Food Intervention Shown to Lower Cholesterol Levels

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Food Intervention Shown to Lower Cholesterol Levels

A ready-to-eat food program designed to help manage blood cholesterol levels was shown to have a meaningful impact even when participants ate it as a substitute for just a small amount of similar snack foods each day, according to a new study published in The Journal of Nutrition.

Cholesterol levels matter largely because they’re linked to the risk for atherosclerosis, or the buildup of a fatty material called plaque inside your blood vessels. Atherosclerosis can lead to several dangerous cardiovascular problems, including coronary artery disease (CAD), in which blood flow to the heart is restricted. If an area of plaque inside a blood vessel breaks open, it may lead to a blood clot that suddenly stops the flow of blood — causing a heart attack when blood flow to the heart is blocked, or an ischemic stroke when blood flow to the brain is blocked. While diabetes isn’t known to directly affect blood cholesterol levels, many people with type 2 diabetes also experience abnormal cholesterol and triglycerides (another type of fatty substance) levels as part of what is known as metabolic syndrome — which also includes high blood pressure and increased abdominal fat.

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It has long been known that dietary choices have an impact on blood cholesterol levels in most people — with certain food components, like saturated fat, tending to raise levels of unhealthy cholesterol and others, like dietary fiber, tending to lower levels of unhealthy cholesterol. But many doctors are reluctant to “prescribe” foods to help lower cholesterol, for several reasons. These reasons may include the difficulty of figuring out how an eating plan works for an individual patient, lacking confidence that a patient will follow an eating plan, and a lack of studies showing that specific dietary interventions lead to improvements in cholesterol levels. The latest study aimed to address all of these concerns, by looking at the effects of eating specialized snack foods designed to help manage blood cholesterol levels. These snack foods, from a company called Step One Foods, contain fiber, fatty acids, phytosterols, and antioxidants — components known to help improve blood cholesterol levels — in standardized measurements. Examples of products included in the study include the company’s chocolate bars and strawberry-banana smoothies.

The study’s participants were 18 men and 36 women with an average age of 49, and an average LDL (low-density lipoprotein, or “bad”) cholesterol level of 131 mg/dl — well above the common reference range of 50 to 100 mg/dl. The study consisted of two different intervention periods, each lasting four weeks, separated by a “washout’ period of four weeks. During one of the intervention periods, participants were instructed to eat a variety of items from Step One Foods, replacing similar snack foods that they already consumed. During the other intervention period, participants were given a variety of “better for you” snacks available at grocery stores and given the same instructions. During both intervention periods, participants were told to avoid changing any other habits.

Food intervention linked to lower LDL, total cholesterol

The researchers found that over the course of the four-week period in which participants ate items from Step One Foods, their average LDL cholesterol level dropped by an average of about 9%, while their average total cholesterol level dropped by about 5%. During the four-week period in which participants ate “better for you” snack foods available in grocery stores, on the other hand, there was no drop in cholesterol levels. No other blood measurements that the study looked at changed significantly during either period, including triglycerides, HDL (high-density lipoprotein, or “good”) cholesterol, fasting glucose, or insulin.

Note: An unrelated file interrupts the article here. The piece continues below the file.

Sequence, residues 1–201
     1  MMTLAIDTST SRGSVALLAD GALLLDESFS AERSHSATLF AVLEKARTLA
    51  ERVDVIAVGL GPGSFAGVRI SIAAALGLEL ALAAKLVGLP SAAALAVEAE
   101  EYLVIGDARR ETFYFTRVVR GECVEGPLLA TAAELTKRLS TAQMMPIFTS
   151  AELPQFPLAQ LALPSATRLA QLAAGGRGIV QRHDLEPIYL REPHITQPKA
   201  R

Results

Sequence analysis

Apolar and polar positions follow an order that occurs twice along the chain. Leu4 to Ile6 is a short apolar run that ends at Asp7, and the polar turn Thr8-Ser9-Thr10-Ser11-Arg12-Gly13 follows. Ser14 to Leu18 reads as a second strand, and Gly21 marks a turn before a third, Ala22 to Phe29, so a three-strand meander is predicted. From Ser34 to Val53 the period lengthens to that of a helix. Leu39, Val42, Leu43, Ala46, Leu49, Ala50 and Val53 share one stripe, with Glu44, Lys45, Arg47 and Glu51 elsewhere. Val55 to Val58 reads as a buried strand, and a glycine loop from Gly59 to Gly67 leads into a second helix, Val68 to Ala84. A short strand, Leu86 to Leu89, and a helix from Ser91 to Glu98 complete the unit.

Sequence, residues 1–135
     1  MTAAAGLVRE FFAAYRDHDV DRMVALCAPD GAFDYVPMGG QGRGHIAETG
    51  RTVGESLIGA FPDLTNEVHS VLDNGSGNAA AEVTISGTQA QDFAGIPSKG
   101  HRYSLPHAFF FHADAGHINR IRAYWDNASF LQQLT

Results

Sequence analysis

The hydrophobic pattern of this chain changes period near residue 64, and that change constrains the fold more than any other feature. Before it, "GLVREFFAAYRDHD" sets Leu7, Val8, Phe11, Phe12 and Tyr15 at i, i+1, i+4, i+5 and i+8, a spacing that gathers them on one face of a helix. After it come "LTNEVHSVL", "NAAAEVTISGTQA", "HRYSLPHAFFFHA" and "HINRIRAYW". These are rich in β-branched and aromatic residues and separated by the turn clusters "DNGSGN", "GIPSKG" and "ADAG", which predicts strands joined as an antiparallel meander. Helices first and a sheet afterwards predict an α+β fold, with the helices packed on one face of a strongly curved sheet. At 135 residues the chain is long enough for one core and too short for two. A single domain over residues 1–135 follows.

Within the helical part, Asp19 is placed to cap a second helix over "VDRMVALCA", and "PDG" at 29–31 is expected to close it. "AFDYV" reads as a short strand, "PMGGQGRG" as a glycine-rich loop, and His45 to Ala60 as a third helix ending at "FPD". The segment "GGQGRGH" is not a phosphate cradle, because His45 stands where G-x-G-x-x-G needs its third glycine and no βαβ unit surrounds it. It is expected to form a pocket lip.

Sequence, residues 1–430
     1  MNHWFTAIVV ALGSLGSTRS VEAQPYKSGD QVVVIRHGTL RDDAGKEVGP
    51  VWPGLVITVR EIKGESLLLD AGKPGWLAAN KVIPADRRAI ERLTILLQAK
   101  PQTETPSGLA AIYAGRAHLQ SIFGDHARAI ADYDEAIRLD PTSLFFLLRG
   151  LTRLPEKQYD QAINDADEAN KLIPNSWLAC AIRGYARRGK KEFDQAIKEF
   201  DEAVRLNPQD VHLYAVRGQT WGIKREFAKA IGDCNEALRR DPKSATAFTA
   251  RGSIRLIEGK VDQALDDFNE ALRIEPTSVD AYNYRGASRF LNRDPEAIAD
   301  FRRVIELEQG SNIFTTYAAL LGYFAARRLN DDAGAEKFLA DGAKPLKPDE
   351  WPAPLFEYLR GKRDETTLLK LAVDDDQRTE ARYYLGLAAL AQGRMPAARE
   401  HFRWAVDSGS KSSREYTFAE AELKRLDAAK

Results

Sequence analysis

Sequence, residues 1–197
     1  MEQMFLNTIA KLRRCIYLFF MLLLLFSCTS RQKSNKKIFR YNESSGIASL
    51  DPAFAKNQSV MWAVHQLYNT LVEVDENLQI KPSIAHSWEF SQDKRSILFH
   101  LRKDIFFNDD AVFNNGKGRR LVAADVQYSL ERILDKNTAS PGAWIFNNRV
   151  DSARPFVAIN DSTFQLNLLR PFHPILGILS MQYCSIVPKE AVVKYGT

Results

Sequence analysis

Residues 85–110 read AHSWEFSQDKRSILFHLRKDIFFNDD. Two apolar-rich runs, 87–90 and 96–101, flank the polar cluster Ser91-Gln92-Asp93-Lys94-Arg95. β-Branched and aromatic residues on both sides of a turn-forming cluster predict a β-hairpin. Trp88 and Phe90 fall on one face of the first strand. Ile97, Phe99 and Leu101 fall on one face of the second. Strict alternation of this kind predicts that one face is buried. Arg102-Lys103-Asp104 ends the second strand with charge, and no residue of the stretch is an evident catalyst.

“Based on the outcomes seen in our study, using this type of food as medicine approach expands the options for medical professionals and patients,” said Stephen Kopecky, MD, a cardiologist and director of the Statin Intolerance Clinic at the Mayo Clinic in Rochester, Minnesota, in a press release on the study. Statins are a widely prescribed group of cholesterol-lowering drugs, which are generally highly beneficial but can cause side effects in some people that make taking them intolerable. “Many patients who are unwilling or unable to take statin drugs may be able to help manage their high cholesterol or hyperlipidemia with a realistic food-based intervention,” Kopecky continued.

Other researchers noted in the press release that getting people to change their diet is usually quite challenging, leading many doctors not to even try. But in this study, there was a 95% rate of participants following the snack regimen as directed — showing that if beneficial foods are palatable and accessible, it may be possible for doctors to prescribe a nutrition regimen that helps improve cholesterol levels. Whether studies like this one will persuade health insurance plans to cover such prescriptions, on the other hand, is still an open question.

Want to learn more about diabetes and cholesterol? Read “Natural Ways to Lower Your Cholesterol,” “Your Cholesterol Questions Answered,” and “Statin Alternatives: Other Medications That Can Lower Cholesterol.”

Quinn Phillips

Quinn Phillips

Quinn Phillips on social media

A freelance health writer and editor based in Wisconsin, Phillips has a degree from Harvard University. He is a former Editorial Assistant for Diabetes Self-Management and has years of experience covering diabetes and related health conditions. Phillips writes on a variety of topics, but is especially interested in the intersection of health and public policy.

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